Symbolically, the New Year signifies a renewal life, hence our desire for regeneration and celebration.

Modern-day festivities encourage unbridled drinking and eating and are geared less towards restoring health and sanity.

By sampling some healthy New Year food traditions from around the world, we can ring in the new and discard the old without hangovers, indigestion and ill humour.

In Spain it's tradition to eat 12 grapes at the stroke of midnight. The grapes signify the past twelve months of the year.

This is a great idea, as grapes are high in potent antioxidants, which are capable of protecting against cancer and heart disease.

They are present in red wine too but considering alcohol impairs the liver and befuddles the brain, it is best to avoid over-consumption and stick to grapes.

Oranges are supposed to bring sweetness and wealth in the Chinese New Year.

Like all citrus, they are an excellent source of vitamin C our prime antioxidant which strengthens the immune system and fights infections.

Vitamin C is also required make collagen for strong bones, skin and joints. It helps to detox pollutants and combats the detrimental effects of stress.

Vitamin C's antihistamine activity also useful for allergy sufferers.

German folklore says eating herring at the stroke midnight will bring luck for the coming year.

Hardly surprising as herring is an "oily" fish (as are mackerel, trout, salmon, sardines) and its beneficial omega-3 fats are components all cell membranes, affecting the flexibility and permeability of our body cells.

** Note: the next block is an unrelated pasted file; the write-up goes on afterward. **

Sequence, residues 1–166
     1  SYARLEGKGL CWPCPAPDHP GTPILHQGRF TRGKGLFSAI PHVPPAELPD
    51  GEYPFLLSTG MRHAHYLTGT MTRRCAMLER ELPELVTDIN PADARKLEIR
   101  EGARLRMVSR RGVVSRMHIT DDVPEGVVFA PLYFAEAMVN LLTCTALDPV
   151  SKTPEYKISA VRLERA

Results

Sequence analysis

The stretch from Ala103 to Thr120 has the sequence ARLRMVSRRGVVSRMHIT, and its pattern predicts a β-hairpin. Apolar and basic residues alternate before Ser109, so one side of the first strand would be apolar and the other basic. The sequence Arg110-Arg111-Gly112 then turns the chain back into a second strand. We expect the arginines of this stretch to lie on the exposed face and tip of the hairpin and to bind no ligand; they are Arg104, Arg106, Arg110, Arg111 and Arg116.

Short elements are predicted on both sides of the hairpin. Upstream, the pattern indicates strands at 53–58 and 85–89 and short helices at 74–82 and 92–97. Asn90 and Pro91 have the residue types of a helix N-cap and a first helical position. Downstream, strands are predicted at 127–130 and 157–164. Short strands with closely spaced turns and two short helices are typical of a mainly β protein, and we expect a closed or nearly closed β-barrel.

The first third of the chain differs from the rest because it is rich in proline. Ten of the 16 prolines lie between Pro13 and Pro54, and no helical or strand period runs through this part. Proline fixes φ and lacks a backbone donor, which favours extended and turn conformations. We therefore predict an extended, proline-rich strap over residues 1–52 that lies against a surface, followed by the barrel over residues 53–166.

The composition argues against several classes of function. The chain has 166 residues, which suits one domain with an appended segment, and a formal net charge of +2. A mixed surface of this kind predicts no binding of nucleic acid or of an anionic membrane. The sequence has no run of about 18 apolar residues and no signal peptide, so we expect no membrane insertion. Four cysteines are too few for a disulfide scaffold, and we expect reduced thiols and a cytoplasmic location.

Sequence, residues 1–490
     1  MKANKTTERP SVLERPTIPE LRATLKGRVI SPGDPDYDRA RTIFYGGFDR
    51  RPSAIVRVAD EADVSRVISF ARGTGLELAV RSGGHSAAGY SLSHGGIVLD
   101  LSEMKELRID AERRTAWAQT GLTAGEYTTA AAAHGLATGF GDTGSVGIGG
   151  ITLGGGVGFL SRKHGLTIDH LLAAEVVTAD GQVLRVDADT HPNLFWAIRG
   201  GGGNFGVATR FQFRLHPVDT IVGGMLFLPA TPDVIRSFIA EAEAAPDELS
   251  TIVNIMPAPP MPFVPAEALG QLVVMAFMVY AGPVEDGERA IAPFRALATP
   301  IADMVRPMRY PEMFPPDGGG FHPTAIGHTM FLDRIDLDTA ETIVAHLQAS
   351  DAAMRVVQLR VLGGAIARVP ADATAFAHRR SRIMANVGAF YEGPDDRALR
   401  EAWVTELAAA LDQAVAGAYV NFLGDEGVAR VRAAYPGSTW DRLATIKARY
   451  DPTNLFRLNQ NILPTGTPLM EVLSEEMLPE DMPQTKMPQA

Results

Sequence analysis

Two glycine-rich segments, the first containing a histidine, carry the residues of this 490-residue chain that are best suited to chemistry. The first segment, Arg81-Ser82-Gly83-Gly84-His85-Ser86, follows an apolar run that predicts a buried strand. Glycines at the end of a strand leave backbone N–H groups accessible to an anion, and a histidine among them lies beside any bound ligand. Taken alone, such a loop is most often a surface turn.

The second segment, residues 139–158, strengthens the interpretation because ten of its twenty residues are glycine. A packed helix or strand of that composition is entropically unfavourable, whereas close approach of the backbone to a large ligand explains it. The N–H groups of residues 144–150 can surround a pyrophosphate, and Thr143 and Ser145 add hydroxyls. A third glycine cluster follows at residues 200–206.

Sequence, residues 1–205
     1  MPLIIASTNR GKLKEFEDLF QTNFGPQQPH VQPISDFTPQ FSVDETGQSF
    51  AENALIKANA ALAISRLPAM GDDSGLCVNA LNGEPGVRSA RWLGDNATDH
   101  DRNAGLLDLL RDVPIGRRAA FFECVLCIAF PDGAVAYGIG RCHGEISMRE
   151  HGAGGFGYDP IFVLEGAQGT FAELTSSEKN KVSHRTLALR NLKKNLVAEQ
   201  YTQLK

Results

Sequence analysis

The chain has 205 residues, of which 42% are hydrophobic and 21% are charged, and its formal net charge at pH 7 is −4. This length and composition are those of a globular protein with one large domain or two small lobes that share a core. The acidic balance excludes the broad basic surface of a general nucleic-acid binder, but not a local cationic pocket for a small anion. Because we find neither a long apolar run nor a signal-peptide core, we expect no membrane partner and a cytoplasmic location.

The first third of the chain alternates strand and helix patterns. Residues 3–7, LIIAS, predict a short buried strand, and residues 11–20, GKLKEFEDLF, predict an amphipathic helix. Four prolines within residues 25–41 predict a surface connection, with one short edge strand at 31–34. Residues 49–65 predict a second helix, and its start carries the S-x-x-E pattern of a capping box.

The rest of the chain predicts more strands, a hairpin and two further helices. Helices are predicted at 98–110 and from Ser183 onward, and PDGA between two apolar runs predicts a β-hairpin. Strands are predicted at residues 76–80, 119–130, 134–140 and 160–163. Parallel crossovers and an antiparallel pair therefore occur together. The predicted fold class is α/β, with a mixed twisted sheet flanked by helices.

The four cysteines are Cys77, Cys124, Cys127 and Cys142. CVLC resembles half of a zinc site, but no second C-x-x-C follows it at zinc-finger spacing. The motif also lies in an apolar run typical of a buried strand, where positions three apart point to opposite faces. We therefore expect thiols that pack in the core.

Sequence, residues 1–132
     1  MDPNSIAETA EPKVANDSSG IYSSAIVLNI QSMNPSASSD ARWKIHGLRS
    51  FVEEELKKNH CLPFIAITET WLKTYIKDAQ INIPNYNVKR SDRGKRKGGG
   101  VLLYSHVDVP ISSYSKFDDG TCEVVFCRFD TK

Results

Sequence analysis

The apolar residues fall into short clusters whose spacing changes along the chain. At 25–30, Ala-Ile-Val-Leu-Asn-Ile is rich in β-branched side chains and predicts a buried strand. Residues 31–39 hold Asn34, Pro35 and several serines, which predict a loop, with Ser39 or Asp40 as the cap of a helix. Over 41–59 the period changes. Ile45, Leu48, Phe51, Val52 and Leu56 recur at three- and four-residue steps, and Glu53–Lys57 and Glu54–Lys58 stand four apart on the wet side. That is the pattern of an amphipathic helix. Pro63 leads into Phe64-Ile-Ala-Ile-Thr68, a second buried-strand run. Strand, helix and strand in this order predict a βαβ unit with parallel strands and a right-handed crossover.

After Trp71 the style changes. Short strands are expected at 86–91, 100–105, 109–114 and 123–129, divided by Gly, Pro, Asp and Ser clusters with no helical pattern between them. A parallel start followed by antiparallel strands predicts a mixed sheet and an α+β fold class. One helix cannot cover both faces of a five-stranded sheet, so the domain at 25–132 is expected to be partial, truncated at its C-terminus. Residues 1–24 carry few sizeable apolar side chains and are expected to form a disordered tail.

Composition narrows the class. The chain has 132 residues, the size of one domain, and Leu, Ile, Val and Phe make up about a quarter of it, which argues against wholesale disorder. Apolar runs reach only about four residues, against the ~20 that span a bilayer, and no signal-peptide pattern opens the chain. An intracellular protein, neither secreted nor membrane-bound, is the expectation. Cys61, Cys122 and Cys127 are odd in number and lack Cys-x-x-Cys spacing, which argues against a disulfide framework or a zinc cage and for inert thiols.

Fatty acids (EFAs) are required for the structure and function of the brain and are needed to make prostaglandins which act like local hormones.

As the body cannot manufacture its own EFAs, we are entirely dependent on dietary sources.

People in the southern US believe eating black-eyed beans on New Year's eve is lucky.

Dried peas, beans and lentils are cheap and a good source of protein.

However, they don't contain all the amino acids we require so they should be served with plant foods and whole grains such as rice.

Southerners have another custom of eating cabbage, collard greens, mustard greens, kale or spinach to attract money. What better incentive to eat up all our greens?

These peculiar traditions probably originate from the way ancient cultures used to greet new harvest seasons.

But over the centuries, our respect for Nature has decreased and we are more likely to celebrate longer opening hours at the supermarket.

Excessive habits, from binge drinking to endless rounds of fireworks appear to be frantic efforts to recapture our lost exuberance.

I crave more honesty and less cover-up in the coming year in order to find better resolutions to our global problems.

Personally, I resolve to learn to say "Happy New Year" in a new language every year, starting with Swahili.

So as they say in East Africa: "Heri za mwaka mpya."